Passive voice is another thing you should remove from your communication when trying to sound more confident. For example, saying “I performed this action because…” instead of “This action was performed because…” shows ownership; whether you’re taking credit for an innovative decision or copping to a mistake, taking responsibility with the language you use is always better than removing yourself from the narrative.

“I’m not positive, but…” is yet another common phrase that CNBC eschews, opting instead to start with whatever comes after the “but”. It’s always good to maintain a certain amount of humility, but that’s not what this phrase is doing – it’s getting out in front of your own process and undermining it before anyone else has a chance to evaluate it. Regardless of your position or responsibilities, you should always give your thoughts the credit they deserve.

Finally, CNBC suggests removing perhaps the most undervalued phrase on this list: “I’m sorry.” There is absolutely a time and place to apologize, but “sorry” gets thrown around the office when a simple “excuse me” would suffice. Apologizing in these situations belies confidence, and it makes actual apologies – when they’re necessary – seem hollow.

The language people use is powerful, and as arbitrarily contrite as the workplace may inspire many to feel, humility can absolutely coexist with confidence.

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Opinion Editorials

10 tips for anyone looking to up their professional work game

(OPINION / EDITORIAL) It’s easy to get bogged down by the details, procrastinate, and feel unproductive. Here are a few tips to help you crush your work goals.

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Self-reflection is critical to a growth mindset, which you must have if you want to grow and improve. If you are ready to take your professional game to the next level, here are some stories and tips to help you remain focused on killing your work goals.

1. Don’t compare yourself to others. Comparison is the thief of joy, as the quote goes. And, in the workplace it’s bound to make you second guess yourself and your abilities. This story explains when comparison can be useful, when to avoid it, and how to change your focus if it’s sucking the life out of you.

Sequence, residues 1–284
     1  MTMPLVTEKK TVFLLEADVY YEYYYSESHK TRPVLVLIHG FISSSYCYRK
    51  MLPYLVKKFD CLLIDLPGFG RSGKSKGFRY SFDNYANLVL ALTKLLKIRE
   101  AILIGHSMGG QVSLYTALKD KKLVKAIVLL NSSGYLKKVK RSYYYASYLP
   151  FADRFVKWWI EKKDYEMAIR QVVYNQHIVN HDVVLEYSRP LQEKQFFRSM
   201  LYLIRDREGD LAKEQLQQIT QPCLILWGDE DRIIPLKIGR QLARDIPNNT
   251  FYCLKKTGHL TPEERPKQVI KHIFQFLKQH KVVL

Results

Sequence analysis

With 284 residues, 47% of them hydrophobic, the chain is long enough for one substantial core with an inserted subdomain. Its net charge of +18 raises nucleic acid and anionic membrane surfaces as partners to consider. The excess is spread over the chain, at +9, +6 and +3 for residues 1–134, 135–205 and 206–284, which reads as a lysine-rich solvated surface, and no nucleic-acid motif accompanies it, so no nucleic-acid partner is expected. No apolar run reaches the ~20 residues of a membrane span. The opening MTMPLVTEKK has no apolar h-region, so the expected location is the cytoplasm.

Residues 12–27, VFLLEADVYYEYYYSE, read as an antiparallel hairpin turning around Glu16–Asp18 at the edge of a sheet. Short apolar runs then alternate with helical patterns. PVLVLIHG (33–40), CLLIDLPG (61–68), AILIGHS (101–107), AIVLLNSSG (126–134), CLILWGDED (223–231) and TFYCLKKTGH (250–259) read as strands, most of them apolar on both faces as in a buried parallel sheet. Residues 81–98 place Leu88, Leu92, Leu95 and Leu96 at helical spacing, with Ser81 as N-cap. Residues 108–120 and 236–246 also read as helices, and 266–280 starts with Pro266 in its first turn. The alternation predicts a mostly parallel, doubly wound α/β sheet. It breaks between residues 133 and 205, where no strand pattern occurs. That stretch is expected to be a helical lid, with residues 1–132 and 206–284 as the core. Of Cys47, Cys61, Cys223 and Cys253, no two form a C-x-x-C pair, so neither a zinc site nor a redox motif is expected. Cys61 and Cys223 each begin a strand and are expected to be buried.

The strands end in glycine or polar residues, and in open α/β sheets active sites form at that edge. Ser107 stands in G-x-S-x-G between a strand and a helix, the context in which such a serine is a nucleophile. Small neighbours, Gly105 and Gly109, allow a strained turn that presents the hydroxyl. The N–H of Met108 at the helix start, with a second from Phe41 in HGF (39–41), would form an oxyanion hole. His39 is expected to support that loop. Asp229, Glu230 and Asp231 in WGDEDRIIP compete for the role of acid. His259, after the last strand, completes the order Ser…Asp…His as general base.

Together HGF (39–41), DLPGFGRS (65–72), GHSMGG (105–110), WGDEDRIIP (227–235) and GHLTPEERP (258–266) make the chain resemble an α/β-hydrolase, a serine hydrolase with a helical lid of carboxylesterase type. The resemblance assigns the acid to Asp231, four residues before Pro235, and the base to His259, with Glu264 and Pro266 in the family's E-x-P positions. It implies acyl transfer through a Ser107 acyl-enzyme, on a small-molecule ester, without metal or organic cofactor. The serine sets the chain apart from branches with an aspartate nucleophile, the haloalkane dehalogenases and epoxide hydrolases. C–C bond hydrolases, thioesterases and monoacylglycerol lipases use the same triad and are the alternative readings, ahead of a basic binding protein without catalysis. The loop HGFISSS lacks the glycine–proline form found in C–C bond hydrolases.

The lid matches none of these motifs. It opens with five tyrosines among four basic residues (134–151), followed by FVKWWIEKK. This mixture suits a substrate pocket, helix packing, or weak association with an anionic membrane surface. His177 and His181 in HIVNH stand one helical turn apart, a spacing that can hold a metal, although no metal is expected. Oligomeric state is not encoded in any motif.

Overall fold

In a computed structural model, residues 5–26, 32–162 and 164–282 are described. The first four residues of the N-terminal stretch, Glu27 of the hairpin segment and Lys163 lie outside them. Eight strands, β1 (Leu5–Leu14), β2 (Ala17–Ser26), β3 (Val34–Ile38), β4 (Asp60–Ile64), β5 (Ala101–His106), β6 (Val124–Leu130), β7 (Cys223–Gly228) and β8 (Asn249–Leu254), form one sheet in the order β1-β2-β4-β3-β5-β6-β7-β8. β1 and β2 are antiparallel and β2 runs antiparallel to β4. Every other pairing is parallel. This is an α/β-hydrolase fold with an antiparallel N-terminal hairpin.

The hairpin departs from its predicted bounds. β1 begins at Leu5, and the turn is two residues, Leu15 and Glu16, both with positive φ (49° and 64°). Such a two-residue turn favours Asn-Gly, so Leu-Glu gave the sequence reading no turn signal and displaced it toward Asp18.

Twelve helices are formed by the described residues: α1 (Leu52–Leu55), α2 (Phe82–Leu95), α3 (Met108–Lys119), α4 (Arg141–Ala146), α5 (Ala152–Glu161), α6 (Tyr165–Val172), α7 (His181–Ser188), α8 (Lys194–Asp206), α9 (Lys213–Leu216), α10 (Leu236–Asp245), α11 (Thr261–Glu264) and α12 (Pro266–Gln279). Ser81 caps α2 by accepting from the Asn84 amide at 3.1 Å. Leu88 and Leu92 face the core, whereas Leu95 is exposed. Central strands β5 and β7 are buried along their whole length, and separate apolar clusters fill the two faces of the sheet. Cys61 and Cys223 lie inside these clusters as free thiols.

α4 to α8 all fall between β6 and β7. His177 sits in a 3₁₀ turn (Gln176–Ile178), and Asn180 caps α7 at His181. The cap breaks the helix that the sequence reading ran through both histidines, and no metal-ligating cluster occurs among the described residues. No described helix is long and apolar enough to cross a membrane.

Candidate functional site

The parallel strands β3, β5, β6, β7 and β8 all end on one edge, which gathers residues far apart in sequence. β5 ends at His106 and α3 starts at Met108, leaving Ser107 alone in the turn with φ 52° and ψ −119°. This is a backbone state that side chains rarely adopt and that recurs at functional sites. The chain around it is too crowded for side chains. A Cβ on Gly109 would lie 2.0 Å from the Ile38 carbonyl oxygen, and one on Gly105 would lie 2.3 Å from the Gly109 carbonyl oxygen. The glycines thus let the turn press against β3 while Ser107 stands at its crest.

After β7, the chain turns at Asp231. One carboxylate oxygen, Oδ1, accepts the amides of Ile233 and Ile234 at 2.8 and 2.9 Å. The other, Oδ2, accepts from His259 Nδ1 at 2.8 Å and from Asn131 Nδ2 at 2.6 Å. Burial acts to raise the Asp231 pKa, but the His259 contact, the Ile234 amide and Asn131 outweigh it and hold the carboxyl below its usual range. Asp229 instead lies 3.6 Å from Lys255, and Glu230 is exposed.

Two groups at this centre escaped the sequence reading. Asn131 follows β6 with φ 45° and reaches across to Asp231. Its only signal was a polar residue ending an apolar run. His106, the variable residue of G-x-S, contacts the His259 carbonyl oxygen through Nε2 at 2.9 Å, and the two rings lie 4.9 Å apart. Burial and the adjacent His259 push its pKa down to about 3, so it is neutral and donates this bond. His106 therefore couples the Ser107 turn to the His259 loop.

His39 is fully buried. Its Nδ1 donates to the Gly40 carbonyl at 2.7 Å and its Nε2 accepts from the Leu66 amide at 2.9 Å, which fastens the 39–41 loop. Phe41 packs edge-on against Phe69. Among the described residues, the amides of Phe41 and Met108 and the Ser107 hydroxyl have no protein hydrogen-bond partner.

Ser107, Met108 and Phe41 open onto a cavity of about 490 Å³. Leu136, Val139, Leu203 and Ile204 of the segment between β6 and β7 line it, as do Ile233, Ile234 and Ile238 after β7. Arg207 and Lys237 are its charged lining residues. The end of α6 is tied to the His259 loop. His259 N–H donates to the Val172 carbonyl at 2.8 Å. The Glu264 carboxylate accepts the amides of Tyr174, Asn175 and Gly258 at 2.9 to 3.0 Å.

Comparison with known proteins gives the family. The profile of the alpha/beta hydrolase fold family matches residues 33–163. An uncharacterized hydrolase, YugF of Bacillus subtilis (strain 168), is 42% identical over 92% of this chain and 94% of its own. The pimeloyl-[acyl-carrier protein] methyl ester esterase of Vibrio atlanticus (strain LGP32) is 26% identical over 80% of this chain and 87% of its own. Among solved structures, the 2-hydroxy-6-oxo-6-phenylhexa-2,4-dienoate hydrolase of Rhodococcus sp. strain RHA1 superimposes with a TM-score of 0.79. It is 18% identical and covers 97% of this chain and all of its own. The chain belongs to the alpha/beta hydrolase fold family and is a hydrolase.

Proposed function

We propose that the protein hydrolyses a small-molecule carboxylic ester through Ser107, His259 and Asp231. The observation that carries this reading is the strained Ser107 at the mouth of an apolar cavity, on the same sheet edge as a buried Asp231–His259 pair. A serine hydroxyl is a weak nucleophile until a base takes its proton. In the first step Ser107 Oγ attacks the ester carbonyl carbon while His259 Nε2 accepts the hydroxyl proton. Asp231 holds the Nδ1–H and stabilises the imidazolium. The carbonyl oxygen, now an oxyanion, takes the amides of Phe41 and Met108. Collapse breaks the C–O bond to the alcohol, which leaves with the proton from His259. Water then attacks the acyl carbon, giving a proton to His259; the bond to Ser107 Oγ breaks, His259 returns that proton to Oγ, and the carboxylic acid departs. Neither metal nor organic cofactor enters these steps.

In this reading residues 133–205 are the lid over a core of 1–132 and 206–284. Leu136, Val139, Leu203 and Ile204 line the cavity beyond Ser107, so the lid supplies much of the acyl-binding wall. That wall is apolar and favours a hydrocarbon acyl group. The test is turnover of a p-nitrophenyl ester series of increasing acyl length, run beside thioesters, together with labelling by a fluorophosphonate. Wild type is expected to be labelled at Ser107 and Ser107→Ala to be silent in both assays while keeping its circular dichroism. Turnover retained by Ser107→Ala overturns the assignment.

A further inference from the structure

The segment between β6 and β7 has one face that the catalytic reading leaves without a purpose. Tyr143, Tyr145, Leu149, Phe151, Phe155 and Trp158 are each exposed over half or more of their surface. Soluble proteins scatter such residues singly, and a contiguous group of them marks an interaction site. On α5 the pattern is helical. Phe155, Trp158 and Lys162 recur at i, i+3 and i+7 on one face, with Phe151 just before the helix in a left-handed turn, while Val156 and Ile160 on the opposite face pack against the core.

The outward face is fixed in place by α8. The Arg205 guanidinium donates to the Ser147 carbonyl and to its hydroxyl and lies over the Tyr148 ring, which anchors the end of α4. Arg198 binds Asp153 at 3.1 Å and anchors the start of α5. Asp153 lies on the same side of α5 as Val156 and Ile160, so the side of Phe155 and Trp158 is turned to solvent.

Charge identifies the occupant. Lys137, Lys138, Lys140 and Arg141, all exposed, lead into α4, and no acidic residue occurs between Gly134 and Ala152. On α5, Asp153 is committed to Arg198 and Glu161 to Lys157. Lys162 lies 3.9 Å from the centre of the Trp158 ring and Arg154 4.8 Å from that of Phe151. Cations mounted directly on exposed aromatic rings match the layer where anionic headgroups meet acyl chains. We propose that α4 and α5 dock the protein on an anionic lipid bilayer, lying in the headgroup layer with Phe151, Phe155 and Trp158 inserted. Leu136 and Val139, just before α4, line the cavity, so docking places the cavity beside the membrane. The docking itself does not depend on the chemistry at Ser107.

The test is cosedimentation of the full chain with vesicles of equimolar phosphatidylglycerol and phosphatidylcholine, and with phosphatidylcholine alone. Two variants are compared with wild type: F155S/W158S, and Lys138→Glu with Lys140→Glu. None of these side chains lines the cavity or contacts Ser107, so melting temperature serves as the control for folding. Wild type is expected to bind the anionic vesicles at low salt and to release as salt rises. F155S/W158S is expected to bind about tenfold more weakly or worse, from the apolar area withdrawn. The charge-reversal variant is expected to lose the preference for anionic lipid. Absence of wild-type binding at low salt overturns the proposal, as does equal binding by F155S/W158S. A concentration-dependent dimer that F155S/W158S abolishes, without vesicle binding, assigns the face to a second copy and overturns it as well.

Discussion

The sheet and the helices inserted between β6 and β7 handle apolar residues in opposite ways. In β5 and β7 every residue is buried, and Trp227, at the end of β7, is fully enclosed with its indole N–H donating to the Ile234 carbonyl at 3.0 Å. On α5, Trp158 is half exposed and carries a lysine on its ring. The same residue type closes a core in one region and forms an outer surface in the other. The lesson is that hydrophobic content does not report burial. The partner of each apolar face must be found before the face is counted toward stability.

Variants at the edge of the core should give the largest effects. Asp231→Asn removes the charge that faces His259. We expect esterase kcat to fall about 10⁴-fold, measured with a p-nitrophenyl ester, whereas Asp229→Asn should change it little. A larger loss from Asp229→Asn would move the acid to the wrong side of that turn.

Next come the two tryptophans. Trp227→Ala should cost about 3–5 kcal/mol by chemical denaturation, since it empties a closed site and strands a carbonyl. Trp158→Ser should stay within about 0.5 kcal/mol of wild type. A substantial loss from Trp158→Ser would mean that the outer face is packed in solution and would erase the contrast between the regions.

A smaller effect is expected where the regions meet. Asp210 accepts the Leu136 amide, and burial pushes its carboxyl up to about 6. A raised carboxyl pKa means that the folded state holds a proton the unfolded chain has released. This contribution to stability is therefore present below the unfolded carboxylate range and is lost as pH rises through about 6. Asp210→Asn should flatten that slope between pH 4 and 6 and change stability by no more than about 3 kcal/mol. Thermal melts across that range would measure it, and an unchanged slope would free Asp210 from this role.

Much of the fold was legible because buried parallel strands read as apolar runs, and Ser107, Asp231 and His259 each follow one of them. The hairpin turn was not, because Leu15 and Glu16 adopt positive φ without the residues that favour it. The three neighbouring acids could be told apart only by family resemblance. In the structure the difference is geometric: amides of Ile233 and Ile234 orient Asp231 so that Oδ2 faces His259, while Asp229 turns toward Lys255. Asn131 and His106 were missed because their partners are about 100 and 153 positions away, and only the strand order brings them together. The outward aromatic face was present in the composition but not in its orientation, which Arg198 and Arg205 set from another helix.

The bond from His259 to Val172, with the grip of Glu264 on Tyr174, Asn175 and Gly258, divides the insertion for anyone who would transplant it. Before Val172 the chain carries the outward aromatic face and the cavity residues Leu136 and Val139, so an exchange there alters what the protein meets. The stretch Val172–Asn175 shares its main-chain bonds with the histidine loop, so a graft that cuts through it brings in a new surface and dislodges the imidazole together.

2. Burnout is real and the harder you work, the less productive you are. It’s an inverse relationship. But, there are ways to work smarter and have better life balance. Here are some tips to prioritize your workload and find more ease.

3. Stop procrastinating and start getting sh@t done. The reason we procrastinate may be less about not wanting to do something and more about the emotions underlying the task. Ready to get going and stop hemming and hawing, you got this and here’s the way to push through.

4. Perfection is impossible and if you seek this in your work and life, it’s likely you are very frustrated. Let that desire go and learn to be happy with excellence over perfection.

5. If you think you’re really awesome and seriously deserve more money, more responsibility, more of anything and are ready to drop the knowledge on your supervisor or boss, you may want to check this story out to see if your spinning in the right direction.

6. Technology makes it so easy to get answers so quickly, it’s hard to wait around for things to happen. We like instant gratification. Yet, that is another reason procrastination is a problem for some of us, but every person has a different way/reason for procrastinating. Learn what’s up with that.

7. Making choices can be a challenge for some of us (me included) who worry we are making the wrong choice. If you’ve ever struggled with decision making, you know it can be paralyzing and then you either make no decision or choose the safest option. What we have here is the Ambiguity Effect and it can be a real time suck. Kick ambiguity to the curb.